Nocturnal foraging lifts time constraints in winter for migratory geese but hardly speeds up fueling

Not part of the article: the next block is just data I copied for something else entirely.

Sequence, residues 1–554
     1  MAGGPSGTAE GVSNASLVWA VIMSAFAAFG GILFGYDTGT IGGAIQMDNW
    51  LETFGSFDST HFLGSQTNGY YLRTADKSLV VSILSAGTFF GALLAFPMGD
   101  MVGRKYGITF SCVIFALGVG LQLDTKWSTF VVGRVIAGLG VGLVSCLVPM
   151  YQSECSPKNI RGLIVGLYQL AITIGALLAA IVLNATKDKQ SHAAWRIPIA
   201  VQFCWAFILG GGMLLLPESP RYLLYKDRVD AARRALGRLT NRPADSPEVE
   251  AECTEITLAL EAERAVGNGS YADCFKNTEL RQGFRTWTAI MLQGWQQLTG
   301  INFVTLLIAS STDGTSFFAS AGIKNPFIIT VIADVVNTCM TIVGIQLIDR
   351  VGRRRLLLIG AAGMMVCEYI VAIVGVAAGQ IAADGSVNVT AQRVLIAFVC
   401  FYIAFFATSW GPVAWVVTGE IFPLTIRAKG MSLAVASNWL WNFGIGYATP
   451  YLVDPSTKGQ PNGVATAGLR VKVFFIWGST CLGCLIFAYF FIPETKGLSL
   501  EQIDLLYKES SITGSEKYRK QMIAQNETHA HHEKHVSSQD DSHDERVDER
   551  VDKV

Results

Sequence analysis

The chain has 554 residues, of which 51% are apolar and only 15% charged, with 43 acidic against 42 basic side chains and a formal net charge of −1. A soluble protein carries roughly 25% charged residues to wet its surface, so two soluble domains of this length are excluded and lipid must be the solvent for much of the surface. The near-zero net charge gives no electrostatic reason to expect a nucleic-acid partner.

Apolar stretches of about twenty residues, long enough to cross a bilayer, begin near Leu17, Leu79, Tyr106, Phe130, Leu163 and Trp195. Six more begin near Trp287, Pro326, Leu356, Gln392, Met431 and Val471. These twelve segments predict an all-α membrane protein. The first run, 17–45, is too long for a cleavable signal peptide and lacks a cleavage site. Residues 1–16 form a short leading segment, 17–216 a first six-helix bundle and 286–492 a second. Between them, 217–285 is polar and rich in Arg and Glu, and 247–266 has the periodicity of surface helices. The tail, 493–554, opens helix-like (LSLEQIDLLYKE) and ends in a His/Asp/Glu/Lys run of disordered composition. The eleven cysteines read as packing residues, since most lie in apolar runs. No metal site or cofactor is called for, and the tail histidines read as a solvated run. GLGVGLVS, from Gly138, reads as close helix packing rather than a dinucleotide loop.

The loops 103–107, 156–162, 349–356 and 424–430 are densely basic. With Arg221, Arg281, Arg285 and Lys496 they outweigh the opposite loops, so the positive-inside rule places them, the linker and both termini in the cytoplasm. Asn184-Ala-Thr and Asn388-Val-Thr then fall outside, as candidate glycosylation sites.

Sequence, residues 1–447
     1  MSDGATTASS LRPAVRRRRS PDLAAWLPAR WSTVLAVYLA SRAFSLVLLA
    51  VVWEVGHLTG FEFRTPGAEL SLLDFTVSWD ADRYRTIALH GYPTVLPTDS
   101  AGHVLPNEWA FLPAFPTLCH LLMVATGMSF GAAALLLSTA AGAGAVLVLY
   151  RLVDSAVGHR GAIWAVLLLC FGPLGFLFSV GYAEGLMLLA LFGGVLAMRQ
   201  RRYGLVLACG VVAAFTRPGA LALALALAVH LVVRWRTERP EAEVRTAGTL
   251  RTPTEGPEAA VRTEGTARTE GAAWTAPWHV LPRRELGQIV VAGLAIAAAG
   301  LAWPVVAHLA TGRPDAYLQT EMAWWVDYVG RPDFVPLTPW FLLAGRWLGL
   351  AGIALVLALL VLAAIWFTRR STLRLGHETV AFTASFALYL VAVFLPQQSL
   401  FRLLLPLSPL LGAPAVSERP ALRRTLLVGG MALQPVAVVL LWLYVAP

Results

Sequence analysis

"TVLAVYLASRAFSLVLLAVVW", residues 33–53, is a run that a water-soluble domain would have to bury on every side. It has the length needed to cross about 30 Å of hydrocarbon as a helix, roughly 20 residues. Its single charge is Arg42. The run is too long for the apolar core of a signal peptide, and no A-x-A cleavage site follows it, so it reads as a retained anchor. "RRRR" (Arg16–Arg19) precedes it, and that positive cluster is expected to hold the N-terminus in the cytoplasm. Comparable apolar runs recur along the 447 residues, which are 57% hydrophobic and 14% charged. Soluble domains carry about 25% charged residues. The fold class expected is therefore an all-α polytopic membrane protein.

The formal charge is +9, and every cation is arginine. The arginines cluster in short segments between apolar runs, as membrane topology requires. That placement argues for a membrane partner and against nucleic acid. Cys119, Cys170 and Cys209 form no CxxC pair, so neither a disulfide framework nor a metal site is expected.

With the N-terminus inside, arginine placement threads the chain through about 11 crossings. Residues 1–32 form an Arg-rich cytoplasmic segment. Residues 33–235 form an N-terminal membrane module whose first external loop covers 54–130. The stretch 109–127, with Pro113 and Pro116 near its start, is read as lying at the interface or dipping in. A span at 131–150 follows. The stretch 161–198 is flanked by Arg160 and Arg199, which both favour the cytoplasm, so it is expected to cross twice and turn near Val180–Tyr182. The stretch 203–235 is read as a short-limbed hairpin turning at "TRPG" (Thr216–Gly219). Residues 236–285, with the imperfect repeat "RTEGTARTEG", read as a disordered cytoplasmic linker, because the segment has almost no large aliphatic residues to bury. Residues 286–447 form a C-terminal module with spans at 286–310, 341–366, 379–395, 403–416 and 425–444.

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Climate warming advances the optimal timing of breeding for many animals. For migrants to start breeding earlier, a concurrent advancement of migration is required, including premigratory fueling of energy reserves. We investigate whether barnacle geese are time constrained during premigratory fueling and whether there is potential to advance or shorten the fueling period to allow an earlier migratory departure. We equipped barnacle geese with GPS trackers and accelerometers to remotely record birds’ behavior, from which we calculated time budgets. We examined how time spent foraging was affected by the available time (during daylight and moonlit nights) and thermoregulation costs. We used an energetic model to assess onset and rates of fueling and whether geese can further advance fueling by extending foraging time. We show that, during winter, when facing higher thermoregulation costs, geese consistently foraged at night, especially during moonlit nights, in order to balance their energy budgets. In spring, birds made use of the increasing day length and gained body stores by foraging longer during the day, but birds stopped foraging extensively during the night. Our model indicates that, by continuing nighttime foraging throughout spring, geese may have some leeway to advance and increase fueling rate, potentially reaching departure body mass 4 days earlier. In light of rapid climatic changes on the breeding grounds, whether this advancement can be realized and whether it will be sufficient to prevent phenological mismatches remains to be determined.